judgment. Dkt. 102. The Court granted PD I's request and set a briefing schedule. Dkt. 103.
George did not oppose the briefing schedule or submit any response indicating that he did not
intend to oppose PDI's motion and proceed with his claims.
On December 22, 2016, PDI filed its motion for summary judgment. Dkt. 105. The same
day, George filed a motion to dismiss his claims without prejudice. Dkt. 104. The Court issued
an order indicating that George's motions did not address the relevant legal standards for a Rule
41 (a)(2) motion, as set forth in Zagano v. Fordham University, 900 F.2d 12 (2d Cir. 1990), and
directed him to submit a letter brief in support of his motion. See Dkt. 112.
On February 21, 2017, George submitted a letter in response to the Court's order. See Dkt.
113.George's letter indicated that he sought dismissal because he intended to sue PDI and the
individual defendants in state court. See id. On February 23, 2017, PDI submitted a letter in
response to George's submission. See Dkt. 114. PDI's letter attached an e-mail PDI's counsel
sent to George's counsel on November 17, 2016, in which PDI asked whether George would be
willing to dismiss his remaining claims with prejudice rather than proceeding to summary
judgment. See id. PDI's letter also attached a complaint filed by George in state court on January
16, 2017-one week before George's response to PDI's motion was due-alleging the same
injuries as those asserted in this action. See id.
Rule 41(a)(2) provides that, except where all parties agree to a stipulation of dismissal,
"an action may be dismissed at the plaintiffs request only by court order, on terms that the court
considers proper." Fed. R. Civ. P. 41(a)(2). In evaluating a plaintiffs motion to dismiss without
prejudice, a court considers the five so-called Zagano factors: "[ 1] the plaintiffs diligence in
bringing the motion;  any 'undue vexatiousness' on plaintiffs part;  the extent to which the
suit has progressed, including the defendant's effort and expense in preparation for trial;  the
duplicative expense ofrelitigation; and  the adequacy of plaintiffs explanation for the need to
dismiss." Zagano v. Fordham Univ., 900 F.2d 12, 14 (2d Cir. 1990). "[N]o one factor is
dispositive," Am. Fed'n ofState, Cty. & Mun. Emps. Dist. Council 37 Health & Sec. Plan v. Pfizer,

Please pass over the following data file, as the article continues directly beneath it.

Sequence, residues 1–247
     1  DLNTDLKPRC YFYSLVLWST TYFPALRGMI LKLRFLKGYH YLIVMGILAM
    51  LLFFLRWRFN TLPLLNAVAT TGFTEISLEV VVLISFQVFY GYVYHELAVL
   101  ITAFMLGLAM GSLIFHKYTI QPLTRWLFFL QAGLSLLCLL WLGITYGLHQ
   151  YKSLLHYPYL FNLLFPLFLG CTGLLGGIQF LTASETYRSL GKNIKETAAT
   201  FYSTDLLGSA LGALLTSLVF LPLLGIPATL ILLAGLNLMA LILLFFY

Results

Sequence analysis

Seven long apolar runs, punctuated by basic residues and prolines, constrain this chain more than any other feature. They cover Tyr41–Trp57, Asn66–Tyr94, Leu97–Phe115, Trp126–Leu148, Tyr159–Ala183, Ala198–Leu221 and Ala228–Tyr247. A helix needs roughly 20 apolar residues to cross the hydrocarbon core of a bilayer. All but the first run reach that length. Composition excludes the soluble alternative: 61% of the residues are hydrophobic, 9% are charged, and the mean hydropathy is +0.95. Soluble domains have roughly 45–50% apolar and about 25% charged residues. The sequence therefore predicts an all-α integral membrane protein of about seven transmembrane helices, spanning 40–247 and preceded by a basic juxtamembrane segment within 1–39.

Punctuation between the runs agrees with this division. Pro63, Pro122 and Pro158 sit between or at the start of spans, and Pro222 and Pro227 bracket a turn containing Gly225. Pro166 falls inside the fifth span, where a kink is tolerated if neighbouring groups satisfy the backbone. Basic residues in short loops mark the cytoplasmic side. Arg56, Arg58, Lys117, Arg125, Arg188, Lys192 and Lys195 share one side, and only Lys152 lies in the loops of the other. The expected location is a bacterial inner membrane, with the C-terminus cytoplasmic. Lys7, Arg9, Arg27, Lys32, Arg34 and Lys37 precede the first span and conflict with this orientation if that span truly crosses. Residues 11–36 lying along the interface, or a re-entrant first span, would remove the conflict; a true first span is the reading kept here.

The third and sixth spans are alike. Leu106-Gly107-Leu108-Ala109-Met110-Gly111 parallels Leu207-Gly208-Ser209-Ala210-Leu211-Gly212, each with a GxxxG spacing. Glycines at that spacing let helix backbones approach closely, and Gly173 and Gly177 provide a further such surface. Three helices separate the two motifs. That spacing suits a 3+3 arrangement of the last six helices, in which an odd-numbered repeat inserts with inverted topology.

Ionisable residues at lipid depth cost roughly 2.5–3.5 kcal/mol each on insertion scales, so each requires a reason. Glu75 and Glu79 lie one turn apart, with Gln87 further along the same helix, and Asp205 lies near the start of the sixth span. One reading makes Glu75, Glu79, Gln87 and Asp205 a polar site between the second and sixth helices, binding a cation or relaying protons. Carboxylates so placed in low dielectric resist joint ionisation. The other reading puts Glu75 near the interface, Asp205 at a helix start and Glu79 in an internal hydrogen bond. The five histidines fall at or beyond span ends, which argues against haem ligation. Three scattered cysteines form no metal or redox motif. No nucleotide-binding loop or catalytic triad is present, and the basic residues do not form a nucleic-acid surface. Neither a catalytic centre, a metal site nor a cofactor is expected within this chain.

Inc., No. 12-CV-2237 (JPO), 2013 WL 2391713, at *4 (S.D.N.Y. June 3, 2013), but "[t]he focus
of the analysis on a motion for voluntary dismissal is prejudice to the defendant," Paulino v.
Taylor, No. 15-CV-5869 (RWS), 2017 WL 1080081, at *1 (S.D.N.Y. Mar. 15, 2017) (internal
quotation marks omitted).
In this case, each of the relevant factors weighs against dismissal without prejudice under
to Rule 41 (a)(2). First, George was not diligent in bringing his motion. This action has been
pending for nearly two years. At several junctures, George could have attempted to dismiss his
remaining claims but chose not to do so. For example, George did not bring this motion when the
Court granted PDI's partial to dismiss or dismissed his claims against the individual defendants.
He did not respond to PDI's request that he dismiss his remaining claims, even though PDI
informed him that it would otherwise file a motion for summary judgment. When the Court set a
briefing schedule for PDI's motion for summary judgment, George did not file an opposition or
communicate any intent to dismiss his claims to PDI or the Court.
Instead, despite these
opportunities to seek dismissal of his claims, George waited until the day that PDI's motion for
summary judgment was due to file his motion to dismiss. Under Zagano, George's delay weighs
against granting his motion. See Zagano, 900 F.2d at 14.
Second, George was unduly vexatious in bringing this motion. "Vexatiousness refers to
instances in which the case was brought to harass the defendant, or the plaintiff had 'ill-motive."'
Paulino, No. 15-CV-5869 (RWS), 2017 WL 1080081, at *2 (internal quotation marks omitted).
"Courts find ill-motive where, for example, the plaintiff never had any intention of providing
discovery in the case but nonetheless permitted the case to proceed, thereby seeking the advantage
of filing its charges without having to support them; or where the plaintiff filed duplicative actions
relating to the same injury; or where the plaintiff assured the court it would proceed with its claims
but then goes back on their word and seeks dismissal." Banco Cent. De Paraguay v. Paraguay
Humanitarian Found., Inc., No. 01-CV-9649 (JFK), 2006 WL 3456521, at *5 (S.D.N.Y. Nov. 30,
2006) (alterations omitted) (internal quotation marks omitted). Here, George evinced "ill motive"
by providing PDI and the Court every indication that he would proceed with his claims before
filing this motion. Id.
In particular, George declined PDl's request to voluntarily dismiss his
claims rather than proceeding to summary judgment, and he filed no opposition or other response
to the Court's briefing schedule on PDI's motion for summary judgment. Only when PDI's motion